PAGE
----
One question which never had to be posed prior to legalization concerns the optimal tax rate on cannabis. Should all states adopt a 25-25-25 framework that Washington originally used? Or should they all go for Alaska’s $50/oz rule? The answer probably depends on the factors particular to each state, especially the strength of the black market compared to the legal market. An ideal tax rate, according to Malik, is one which “keeps the final product priced in a way that makes the black market less and less profitable and eventually squeezes out that parallel market altogether.” He goes on to say that, because legal cannabusinesses must deal with costly regulations and other standard business operating expenses, they begin at a disadvantage to the black market purely in terms of price. Therefore, the legal market must compete based on quality and other factors rather than price, at least initially. Consumers will pay more for the convenience, security, and safety of legal products over those purchased from an illicit dealer. As the black market begins lowering prices to compete with the regulated market, profit margins will diminish. This author would speculatively add that, since the legal market is able to invest in R&D in a manner unavailable or unattractive to the black market, over time we should expect to see the legal market becoming more competitive with the illicit market on both quality and price. Furthermore, legal markets are able to engage in targeted advertising, branding, and other business activities which will secure their advantage over the illicit market. Malik concludes with a prediction that, “if done right, the legal market can probably reduce the black market significantly in the coming 12 to 15 years.”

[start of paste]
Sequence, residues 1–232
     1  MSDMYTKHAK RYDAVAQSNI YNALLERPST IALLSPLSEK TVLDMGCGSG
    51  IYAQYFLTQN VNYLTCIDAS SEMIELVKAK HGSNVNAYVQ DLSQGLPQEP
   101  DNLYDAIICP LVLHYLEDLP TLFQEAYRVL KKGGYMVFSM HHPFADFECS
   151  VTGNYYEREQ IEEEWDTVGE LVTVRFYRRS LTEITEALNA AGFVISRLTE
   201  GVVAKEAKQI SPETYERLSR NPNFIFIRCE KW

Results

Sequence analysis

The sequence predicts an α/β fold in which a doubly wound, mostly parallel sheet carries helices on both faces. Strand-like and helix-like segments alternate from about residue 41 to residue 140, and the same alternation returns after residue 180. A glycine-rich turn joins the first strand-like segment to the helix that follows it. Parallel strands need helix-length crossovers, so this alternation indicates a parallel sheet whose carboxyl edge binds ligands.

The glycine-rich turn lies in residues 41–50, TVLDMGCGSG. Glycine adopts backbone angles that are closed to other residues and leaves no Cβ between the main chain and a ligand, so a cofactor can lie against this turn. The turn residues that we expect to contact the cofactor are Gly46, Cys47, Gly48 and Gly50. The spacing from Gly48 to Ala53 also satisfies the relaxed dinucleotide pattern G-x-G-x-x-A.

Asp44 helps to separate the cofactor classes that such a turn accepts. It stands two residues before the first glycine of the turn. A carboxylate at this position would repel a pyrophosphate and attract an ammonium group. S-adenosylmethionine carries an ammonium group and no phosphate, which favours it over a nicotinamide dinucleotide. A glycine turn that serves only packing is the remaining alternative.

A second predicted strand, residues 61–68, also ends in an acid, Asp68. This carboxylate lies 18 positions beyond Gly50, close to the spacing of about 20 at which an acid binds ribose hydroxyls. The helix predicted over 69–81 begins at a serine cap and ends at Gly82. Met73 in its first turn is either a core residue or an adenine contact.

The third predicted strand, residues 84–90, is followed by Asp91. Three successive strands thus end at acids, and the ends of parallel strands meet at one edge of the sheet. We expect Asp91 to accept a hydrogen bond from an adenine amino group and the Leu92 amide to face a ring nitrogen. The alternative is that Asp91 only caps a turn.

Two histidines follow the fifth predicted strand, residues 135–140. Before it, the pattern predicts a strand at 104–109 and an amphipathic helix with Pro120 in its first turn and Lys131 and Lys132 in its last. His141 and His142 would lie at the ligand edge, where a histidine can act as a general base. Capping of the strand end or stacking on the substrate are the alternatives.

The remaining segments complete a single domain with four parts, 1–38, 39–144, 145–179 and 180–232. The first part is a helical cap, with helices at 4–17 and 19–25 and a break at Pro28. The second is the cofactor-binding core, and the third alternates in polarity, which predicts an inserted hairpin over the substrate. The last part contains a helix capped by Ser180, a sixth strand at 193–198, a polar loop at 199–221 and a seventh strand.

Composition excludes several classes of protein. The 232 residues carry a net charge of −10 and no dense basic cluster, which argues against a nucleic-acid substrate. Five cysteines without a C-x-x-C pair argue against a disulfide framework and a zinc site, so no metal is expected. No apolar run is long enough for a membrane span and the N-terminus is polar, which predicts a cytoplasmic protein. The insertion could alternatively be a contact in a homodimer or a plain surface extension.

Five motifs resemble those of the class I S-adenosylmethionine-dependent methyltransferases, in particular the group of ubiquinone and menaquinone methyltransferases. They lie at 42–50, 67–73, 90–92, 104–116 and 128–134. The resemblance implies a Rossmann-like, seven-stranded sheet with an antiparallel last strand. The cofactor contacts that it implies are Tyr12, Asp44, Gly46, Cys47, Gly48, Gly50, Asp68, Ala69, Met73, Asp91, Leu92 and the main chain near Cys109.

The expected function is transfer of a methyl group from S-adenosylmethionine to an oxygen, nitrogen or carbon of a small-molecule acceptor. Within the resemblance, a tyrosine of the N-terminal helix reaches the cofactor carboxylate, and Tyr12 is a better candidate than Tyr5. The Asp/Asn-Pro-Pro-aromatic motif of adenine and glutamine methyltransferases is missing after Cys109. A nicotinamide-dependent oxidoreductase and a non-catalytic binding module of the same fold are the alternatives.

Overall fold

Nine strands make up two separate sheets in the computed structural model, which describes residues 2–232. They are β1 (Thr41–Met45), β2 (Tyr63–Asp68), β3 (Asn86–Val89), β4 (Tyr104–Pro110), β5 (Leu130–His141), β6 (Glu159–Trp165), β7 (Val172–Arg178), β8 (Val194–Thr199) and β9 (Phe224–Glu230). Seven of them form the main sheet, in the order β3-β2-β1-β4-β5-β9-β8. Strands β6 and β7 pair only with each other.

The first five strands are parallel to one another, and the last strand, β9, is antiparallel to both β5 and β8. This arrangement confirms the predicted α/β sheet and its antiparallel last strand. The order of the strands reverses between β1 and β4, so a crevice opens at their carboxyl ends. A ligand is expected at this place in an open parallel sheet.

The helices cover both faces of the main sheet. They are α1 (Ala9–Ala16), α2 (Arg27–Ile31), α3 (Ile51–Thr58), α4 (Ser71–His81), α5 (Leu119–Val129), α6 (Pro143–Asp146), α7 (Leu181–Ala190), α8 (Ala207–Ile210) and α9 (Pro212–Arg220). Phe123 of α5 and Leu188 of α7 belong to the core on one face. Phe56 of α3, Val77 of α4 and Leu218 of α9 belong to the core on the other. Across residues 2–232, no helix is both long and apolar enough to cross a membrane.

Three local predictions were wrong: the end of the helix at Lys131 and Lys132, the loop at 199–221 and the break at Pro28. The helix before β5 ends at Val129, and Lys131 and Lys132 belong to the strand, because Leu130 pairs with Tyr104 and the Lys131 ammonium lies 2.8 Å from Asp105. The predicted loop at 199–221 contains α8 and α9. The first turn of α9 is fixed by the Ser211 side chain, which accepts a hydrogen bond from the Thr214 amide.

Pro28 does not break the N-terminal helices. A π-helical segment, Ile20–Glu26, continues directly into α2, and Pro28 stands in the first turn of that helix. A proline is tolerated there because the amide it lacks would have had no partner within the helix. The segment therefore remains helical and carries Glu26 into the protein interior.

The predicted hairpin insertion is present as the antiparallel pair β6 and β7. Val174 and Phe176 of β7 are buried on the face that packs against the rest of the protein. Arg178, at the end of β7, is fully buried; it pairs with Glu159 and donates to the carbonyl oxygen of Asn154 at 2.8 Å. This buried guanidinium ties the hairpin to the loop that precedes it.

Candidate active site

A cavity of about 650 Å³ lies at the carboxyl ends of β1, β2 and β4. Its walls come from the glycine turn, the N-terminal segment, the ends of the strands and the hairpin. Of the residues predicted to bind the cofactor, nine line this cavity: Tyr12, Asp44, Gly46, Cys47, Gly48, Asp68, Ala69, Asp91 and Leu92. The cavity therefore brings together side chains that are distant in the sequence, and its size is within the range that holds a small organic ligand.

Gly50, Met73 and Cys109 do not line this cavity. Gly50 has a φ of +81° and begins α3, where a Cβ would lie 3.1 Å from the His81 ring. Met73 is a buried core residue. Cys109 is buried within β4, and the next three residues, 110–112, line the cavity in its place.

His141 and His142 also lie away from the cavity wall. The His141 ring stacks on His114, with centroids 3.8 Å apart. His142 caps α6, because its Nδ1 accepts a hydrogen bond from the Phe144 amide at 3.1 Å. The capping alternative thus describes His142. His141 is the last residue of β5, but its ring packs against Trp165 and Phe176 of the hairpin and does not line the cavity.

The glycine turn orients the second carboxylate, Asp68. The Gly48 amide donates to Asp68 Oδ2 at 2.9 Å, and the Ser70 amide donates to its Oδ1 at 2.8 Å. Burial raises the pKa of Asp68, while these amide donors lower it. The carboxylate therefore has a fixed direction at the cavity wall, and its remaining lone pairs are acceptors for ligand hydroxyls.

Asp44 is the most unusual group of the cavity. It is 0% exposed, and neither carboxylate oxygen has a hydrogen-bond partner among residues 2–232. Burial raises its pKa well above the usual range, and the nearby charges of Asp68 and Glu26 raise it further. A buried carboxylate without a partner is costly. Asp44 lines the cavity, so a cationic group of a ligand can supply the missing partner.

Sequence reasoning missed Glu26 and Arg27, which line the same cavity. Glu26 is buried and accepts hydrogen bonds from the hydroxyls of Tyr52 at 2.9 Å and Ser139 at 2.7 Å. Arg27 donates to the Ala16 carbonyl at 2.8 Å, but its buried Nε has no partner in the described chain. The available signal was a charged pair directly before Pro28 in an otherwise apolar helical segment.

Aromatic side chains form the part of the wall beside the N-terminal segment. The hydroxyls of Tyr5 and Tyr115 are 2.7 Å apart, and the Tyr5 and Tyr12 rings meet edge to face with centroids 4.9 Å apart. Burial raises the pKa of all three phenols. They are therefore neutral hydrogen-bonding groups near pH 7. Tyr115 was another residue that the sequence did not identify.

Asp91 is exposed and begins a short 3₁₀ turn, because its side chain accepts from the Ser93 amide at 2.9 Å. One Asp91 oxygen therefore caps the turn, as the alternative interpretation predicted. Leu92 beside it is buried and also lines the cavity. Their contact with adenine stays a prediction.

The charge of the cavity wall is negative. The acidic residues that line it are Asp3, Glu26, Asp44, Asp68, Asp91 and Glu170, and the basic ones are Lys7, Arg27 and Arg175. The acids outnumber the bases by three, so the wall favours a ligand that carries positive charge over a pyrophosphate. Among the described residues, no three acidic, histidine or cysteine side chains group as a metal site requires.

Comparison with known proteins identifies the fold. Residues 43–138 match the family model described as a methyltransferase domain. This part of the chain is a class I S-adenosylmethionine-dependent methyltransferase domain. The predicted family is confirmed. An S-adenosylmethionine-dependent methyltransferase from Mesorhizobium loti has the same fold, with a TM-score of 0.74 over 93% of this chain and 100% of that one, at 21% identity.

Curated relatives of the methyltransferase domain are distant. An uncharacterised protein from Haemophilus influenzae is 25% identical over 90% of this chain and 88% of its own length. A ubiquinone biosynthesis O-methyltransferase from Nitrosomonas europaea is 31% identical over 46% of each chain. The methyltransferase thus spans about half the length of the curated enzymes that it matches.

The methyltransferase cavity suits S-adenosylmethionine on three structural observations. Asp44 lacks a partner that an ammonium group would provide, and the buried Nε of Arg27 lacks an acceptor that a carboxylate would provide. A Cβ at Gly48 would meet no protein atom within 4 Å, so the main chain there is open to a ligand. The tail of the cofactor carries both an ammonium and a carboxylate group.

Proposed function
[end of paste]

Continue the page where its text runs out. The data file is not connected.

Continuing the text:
As the black market is squeezed out, says Adam Koh of Cannabis Benchmarks and 3C Consulting, current tax frameworks will have to be reconsidered since policymakers will no longer need to contemplate tax effects within a dual black-white market. Whether this will lead to increased or decreased taxation levels remains to be seen. (Matt Karnes at GreenWave Advisors expects taxes to come down before the black market is squeezed out, in order to make legal markets more competitive.) Since the black market will effectively no longer exist, legislators may decide to increase taxes and milk cannabis’ potential for “sin tax” revenues. On the other hand, by that time a powerful cannabis lobby may have grown and have the ability to block any such legislation. So far, according to Koh, the cannabis industry has been more or less accepting of their tax burden in order to secure the legitimacy of their business in the eyes of the public: “Business owners know that they need to pay their taxes to keep the support of those that are not necessarily 100% behind legalization. So, while cannabis industry groups lobby hard and publicly for things like more sensible banking regulation, taxes aren't really something that's questioned too much.”